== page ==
About the Collection

An Introduction

2013 24

The collector.

This collection began when a 15-year-old boy from Connecticut discovered a dramatic new world in the American West. Climbing mountains in Colorado and the Tetons in Wyoming; camping at Phantom Ranch at the bottom of the Grand Canyon; camping at Hopi; living with a family in their summer hogon at Navajo Mountain… it was the summer that the world became a large and exciting place—and the boy became a man.

It is the archetypal American story: the West formed the American character and provides a place for individuals to prove themselves. In this case, the experience also produced two Hopi pots—souvenirs of the trip. One was intended as a trip gift for the parents who financed the adventure; one was to keep.

Those two pots are the genesis of this collection. The collecting, in turn, has become an excuse to return to Hopi often and come to know Hopi and Tewa-Hopi people, their mesas, and the institutions they have created. I am generally able to visit Hopi at least once a year (and more frequently in good years). With the passage of time and generations, the connections with Connecticut have faded and northern Arizona is now where I go to relax and renew.

Where outsiders see only barren desert, the people who live at Hopi see great beauty.  From the most basic elements of this desert –a few shrubs, clay, water, dung, coal and fire– they create pottery that makes this beauty visible to others.

 I am certainly an outsider to the Hopi, but over the last 64 years I have come to understand something of their rich cultures and have absorbed some of their spirit of gratitude.  Hopi has shaped me and enriched my world.

Meanwhile, those first two pots have become six hundred pots—including seven generations of one family. What started as a few random pots on a shelf has become a collection with its own internal structure, logic, and website. .These pots are linked by material, design, family and culture. I experience the collection as a living being expressing a creative spirit, which I am allowed to taste.

It is a Pahana tradition for outsiders to fall in love with a romantic image of the “peaceful” Hopi and idealize life on the reservation. I know better than that. Yet, Hopi and its people have a special place in my heart. My life and my world would be much impoverished were it not for the experience of that first trip to Hopi and the ensuing dozens of visits back to the reservation.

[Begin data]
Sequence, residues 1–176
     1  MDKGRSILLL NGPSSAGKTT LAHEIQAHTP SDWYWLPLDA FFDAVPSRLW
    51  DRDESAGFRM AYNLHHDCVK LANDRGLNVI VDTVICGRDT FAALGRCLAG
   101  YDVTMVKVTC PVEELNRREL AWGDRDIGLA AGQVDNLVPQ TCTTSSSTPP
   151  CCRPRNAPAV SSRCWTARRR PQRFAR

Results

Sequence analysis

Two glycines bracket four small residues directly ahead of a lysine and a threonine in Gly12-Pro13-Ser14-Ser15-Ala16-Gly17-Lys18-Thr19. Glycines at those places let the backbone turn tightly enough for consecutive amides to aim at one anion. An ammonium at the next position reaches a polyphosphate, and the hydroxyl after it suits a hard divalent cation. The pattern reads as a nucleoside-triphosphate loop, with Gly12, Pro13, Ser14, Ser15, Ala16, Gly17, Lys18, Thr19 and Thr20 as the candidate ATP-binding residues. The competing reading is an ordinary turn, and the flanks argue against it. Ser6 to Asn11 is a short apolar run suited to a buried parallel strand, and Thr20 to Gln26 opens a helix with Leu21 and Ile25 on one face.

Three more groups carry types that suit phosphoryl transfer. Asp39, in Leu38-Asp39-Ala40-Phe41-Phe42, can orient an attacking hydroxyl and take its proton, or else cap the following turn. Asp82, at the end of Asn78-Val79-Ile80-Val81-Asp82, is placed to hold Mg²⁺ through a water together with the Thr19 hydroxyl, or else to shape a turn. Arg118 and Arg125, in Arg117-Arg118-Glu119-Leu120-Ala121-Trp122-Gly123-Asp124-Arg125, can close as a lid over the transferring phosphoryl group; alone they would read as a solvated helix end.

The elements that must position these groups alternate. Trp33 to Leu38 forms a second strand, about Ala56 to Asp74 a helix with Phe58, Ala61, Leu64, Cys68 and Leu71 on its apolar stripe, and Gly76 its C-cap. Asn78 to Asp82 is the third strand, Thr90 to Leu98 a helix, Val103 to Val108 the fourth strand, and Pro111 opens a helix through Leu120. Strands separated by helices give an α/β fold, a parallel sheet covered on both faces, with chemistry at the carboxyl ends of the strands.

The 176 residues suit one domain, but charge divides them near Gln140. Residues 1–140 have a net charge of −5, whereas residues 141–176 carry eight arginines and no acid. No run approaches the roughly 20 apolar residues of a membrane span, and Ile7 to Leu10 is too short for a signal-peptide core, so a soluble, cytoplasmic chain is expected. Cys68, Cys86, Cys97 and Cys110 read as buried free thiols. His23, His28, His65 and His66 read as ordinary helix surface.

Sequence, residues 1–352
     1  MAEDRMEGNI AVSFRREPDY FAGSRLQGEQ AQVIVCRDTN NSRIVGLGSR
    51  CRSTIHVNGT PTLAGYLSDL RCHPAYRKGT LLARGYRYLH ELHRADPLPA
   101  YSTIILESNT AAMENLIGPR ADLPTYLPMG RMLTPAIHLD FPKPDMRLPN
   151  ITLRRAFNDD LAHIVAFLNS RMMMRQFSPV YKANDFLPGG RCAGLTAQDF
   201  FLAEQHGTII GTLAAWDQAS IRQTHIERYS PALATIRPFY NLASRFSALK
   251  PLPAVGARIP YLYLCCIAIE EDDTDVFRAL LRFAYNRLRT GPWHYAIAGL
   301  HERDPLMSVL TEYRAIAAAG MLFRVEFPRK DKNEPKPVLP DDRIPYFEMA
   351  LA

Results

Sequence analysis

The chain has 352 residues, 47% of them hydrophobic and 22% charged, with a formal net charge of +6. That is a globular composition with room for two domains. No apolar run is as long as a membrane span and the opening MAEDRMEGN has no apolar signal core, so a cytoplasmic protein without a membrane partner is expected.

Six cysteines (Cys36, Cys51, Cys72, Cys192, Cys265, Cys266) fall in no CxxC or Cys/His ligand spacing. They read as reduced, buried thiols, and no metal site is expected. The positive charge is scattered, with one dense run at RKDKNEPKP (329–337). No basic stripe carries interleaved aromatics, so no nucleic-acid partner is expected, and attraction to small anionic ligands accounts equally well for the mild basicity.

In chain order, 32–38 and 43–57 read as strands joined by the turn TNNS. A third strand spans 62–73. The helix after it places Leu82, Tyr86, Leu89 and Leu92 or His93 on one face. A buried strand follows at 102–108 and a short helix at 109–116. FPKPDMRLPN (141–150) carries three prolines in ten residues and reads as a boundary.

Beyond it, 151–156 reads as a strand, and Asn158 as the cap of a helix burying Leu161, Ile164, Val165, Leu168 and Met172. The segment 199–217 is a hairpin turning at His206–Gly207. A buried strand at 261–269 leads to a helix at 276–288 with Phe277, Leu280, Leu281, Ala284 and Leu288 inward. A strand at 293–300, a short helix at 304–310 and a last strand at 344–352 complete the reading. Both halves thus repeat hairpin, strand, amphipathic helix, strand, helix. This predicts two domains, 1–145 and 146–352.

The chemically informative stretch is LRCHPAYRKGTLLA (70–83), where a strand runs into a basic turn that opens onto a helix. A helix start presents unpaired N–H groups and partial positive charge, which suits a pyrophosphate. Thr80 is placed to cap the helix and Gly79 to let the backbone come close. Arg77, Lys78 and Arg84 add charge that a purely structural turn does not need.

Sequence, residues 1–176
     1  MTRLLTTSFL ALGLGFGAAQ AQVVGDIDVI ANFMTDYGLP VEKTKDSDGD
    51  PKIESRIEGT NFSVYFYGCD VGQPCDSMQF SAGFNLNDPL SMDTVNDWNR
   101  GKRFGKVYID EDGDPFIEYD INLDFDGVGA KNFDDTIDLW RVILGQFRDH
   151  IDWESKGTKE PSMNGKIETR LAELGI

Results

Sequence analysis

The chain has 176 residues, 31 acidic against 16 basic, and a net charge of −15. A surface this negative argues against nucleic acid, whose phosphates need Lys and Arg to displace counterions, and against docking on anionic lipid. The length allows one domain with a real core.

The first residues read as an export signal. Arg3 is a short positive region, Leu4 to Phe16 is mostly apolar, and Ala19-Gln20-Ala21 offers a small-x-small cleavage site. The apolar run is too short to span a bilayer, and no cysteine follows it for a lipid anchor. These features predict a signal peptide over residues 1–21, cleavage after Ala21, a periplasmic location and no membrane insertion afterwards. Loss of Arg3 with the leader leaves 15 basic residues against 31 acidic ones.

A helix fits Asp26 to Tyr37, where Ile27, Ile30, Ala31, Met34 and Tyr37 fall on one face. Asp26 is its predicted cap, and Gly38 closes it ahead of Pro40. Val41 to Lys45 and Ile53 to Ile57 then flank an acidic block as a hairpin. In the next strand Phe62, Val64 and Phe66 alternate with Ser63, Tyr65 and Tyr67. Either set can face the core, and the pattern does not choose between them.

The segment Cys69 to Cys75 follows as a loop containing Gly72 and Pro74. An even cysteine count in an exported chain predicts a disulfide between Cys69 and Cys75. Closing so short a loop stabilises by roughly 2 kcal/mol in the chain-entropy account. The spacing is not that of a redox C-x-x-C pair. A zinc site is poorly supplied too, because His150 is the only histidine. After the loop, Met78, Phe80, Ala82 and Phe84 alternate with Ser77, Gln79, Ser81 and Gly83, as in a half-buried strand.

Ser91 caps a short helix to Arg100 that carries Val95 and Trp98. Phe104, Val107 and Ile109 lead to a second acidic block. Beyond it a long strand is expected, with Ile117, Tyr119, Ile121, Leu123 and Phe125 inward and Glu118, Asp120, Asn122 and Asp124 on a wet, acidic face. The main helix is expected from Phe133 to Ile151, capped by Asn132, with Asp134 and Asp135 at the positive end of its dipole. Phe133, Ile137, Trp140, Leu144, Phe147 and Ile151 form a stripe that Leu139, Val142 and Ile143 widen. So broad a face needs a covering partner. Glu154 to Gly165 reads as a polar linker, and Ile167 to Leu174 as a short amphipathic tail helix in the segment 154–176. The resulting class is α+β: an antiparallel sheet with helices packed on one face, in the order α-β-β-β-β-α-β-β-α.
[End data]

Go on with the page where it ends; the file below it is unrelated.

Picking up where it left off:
Now, sixty-four  years after that first trip, it is possible to give back some of the delight and beauty that my connection with Hopi has added to my life. My Native American art collection is being donated to the Museum of Northern Arizona (MNA).  They have agreed to absorb almost all of it into their permanent collection and make it especially available to Hopi and Tewa-Hopi people.  Meanwhile the Hopivewat Learning Center on Third Mesa is the nexus of the effort to build a professional museum on the Hopi Reservation.  When that effort is successful, the MNA will loan items from my collection to the Hopi Museum.

Making pottery at Hopi is a spiritual practice; pots from Hopi are not objects but are animate objects that participate in their own creation.  As the pots in this collection make they way back to Arizona, the MNA, and then (hopefully) to a museum on the reservation, I hope they feel honored and find pleasure returning home.

Access to this collection at both the MNA and a reservation museum will allow Hopi artists to experience the accomplishments of past generations and be inspired.  It would be particularly gratifying if the students and teachers of Hopitutuqaiki (The Hopi School) become friends with these pots.

I hope that having the collection available at a museum will encourage non-Hopi people to visit, learn about the people of the three mesas, and be blessed by the experience…

…As I have been.

— C. O.